13. The National Book Award-winning nonfiction account of an African-American doctor (Dr. Ossian Sweet) who moves into a white neighborhood in Detroit in 1925, and the murder that occurs as a result of the white mob riot that tries to force out the doctor from the neighborhood. The book traces the history of Sweet and his family, as well as the larger history of segregation and racism that shaped not only Dr. Sweet and his reaction to the mob violence, but also shaped Detroit, the nation, and race r [...]

    14. This was the Michigan Reads book for 2011. While it wasn't always a page-turner, I'm really glad I read it. The author, Kevin Boyle, is an historian with a keen eye for rich detail. He tells the story of Ossian Sweet - a young, talented and ambitious doctor living in Detroit in the mid-1920s. Sweet, the son of slaves, grew up in the south and made his way north during the Great Migration. He completed school, college and medical school before establishing a medical practice in Detroit. He and hi [...]

    15. Okay, Shira, I finally read it. And I'm glad I did. Passed the copy you gave me on to a friend who runs Housing Opportunities Made Equal here in town. Interesting on development of housing segregation in tight housing markets and when you know that 30 years later the bulldozed Black Bottom to make Lafayette ParkWhere I work now, Over-the-Rhine, is what happens without the bulldozer- a different set of housing battles.Kate- read this- this happened a few blocks from where you grew up. It includes [...]

    16. This is a remarkable story about racism, de facto segregation, and how one African American couple confronted the injustice. It is incredibly well written and reads as a novel. Boyle has all the citations to support his story, but his writing should be a lesson to all historians. This is an excellent example of history as storytelling and the story told is one which all should understand: the struggles of African Americans in the 20th century.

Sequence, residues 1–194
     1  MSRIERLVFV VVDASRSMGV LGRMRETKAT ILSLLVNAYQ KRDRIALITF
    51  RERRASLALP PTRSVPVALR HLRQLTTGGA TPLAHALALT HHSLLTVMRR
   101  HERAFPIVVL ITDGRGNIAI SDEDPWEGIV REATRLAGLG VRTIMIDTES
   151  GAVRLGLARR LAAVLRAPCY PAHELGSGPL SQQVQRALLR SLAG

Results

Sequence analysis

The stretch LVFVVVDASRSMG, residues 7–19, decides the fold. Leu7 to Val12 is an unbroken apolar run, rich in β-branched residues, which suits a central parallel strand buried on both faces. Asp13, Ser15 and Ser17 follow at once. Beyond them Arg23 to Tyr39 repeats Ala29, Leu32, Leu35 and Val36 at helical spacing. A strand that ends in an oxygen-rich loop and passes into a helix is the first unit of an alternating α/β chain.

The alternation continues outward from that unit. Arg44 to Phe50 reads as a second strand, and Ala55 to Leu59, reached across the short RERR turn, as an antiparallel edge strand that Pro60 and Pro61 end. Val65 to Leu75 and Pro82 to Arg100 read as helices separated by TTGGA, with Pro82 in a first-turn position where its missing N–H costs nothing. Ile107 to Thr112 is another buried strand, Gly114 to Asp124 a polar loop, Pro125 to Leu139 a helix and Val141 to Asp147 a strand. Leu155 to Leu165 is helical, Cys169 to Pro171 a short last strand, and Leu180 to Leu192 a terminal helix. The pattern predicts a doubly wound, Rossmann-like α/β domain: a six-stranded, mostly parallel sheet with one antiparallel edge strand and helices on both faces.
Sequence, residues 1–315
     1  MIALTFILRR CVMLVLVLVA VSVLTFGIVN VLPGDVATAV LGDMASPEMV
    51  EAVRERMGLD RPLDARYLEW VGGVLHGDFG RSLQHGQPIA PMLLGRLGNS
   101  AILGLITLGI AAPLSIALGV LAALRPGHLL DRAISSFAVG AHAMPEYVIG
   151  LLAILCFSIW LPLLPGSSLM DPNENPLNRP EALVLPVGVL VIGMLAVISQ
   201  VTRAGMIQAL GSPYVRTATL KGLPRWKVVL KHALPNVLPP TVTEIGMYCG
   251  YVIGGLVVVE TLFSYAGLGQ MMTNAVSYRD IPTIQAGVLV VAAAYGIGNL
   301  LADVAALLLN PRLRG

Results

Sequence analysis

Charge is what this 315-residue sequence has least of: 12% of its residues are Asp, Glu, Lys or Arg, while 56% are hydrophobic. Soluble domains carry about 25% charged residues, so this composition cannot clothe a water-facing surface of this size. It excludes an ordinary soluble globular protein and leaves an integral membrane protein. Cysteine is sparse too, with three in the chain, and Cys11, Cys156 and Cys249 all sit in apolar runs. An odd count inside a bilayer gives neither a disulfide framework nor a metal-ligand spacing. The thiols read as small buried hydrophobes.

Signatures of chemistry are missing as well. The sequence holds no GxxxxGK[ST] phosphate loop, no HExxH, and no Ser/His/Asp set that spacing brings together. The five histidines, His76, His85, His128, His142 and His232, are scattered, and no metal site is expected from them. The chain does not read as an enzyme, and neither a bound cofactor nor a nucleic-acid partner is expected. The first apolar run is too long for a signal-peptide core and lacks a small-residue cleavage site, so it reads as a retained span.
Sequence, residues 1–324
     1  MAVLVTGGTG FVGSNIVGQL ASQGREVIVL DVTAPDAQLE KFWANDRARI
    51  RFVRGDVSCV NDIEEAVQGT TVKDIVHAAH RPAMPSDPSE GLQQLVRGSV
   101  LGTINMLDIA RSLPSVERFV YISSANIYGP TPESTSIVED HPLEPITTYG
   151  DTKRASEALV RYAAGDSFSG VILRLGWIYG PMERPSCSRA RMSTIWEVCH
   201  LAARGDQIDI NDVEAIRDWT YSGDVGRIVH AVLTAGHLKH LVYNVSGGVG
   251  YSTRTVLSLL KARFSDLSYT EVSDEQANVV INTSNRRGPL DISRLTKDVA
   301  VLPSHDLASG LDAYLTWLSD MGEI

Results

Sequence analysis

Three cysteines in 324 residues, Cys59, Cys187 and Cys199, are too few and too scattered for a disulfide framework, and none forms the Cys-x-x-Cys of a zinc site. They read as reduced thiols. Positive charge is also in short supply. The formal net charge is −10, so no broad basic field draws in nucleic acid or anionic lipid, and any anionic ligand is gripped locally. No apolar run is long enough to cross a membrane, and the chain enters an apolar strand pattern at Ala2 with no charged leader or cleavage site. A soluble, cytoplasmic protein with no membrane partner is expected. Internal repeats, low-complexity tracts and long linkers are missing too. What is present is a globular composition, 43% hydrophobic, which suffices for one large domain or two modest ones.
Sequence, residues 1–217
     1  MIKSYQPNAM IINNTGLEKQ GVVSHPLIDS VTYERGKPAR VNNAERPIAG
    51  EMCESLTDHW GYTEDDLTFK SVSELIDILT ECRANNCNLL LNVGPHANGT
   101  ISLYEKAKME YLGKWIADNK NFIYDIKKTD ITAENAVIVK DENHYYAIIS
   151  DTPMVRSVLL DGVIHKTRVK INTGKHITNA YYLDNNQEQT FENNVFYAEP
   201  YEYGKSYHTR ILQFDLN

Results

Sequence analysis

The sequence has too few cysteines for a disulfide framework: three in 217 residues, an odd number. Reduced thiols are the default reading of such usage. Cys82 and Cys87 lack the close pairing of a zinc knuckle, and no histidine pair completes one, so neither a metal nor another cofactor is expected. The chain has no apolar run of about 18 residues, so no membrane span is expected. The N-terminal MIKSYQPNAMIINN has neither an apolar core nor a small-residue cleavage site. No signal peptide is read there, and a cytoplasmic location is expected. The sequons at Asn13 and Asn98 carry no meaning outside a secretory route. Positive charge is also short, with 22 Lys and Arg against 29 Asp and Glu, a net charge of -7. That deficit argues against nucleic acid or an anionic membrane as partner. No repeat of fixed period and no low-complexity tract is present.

17. A stirring account of Detroit in 1920s. If you think that violent racism really only existed in the south then read this book. It will open your eyes as it did mine. Amazing when I think about my grandparents being alive at the time.

    18. I was asked to read this book and like it. A tall order. It was true that helped and an important part of history.I just kept thinking that if people were righteous it wouldn't need to be like that. And house debt was introduced in a very historically interesting way.

    19. Winner of a National Book Award, this book is a great introduction to housing discrimination and racial tensions in Detroit in the early part of the 20th century.

    20. In Arc of Justice, Kevin Boyle examines the volatile nature of race relations in early twentieth century Detroit through the lens of the experiences of Dr. Ossian Sweet. The majority of readers are most likely unaware of Dr. Sweet and his life. This narrative provides a unique and personal perspective on race relations and the infiltration of the Ku Klux Klan into a northern city, especially when people consider the Klan as a southern affectation.Boyle took the reader on a literal and figurative [...]

    21. Although somewhat apologetic, Kevin Boyle's book "Arc of Justice" is the story of one black man's attempt to overcome the powerful forces of racism and buy a home in an all white neighborhood in Detroit. While using Sweet's personal story as an example, Boyle traces the history of racial tensions, first in the Reconstruction South and then in the supposedly more race-friendly North, while focusing most specifically on the issue of housing discrimination. Although Ossian Sweet never wanted to be [...]